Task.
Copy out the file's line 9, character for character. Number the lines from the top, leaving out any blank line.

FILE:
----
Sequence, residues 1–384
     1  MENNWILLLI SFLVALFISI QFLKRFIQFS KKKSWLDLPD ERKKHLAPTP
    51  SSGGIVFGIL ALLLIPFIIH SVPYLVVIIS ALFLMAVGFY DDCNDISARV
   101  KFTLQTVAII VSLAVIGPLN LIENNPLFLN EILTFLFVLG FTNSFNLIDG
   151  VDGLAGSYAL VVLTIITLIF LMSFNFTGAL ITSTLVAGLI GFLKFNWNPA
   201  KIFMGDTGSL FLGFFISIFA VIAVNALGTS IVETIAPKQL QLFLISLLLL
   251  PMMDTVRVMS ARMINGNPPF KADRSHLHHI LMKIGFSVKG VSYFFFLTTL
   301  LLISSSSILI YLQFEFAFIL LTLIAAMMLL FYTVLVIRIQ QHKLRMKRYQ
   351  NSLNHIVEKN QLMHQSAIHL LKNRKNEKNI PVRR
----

   351  NSLNHIVEKN QLMHQSAIHL LKNRKNEKNI PVRR